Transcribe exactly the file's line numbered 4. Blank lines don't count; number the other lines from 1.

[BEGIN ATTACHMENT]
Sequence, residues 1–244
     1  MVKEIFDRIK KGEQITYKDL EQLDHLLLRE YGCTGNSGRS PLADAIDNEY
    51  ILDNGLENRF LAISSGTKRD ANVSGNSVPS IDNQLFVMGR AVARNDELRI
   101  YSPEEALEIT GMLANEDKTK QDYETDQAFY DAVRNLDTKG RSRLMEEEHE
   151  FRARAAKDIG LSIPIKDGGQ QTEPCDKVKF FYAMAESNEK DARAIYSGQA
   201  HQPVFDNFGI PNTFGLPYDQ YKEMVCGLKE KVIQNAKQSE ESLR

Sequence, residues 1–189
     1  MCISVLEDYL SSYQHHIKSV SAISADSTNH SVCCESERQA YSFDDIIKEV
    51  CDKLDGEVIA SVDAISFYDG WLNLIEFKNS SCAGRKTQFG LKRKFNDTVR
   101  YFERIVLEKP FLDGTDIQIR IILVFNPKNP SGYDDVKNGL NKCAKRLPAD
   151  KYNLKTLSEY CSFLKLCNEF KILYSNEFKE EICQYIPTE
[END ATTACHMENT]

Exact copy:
   101  YSPEEALEIT GMLANEDKTK QDYETDQAFY DAVRNLDTKG RSRLMEEEHE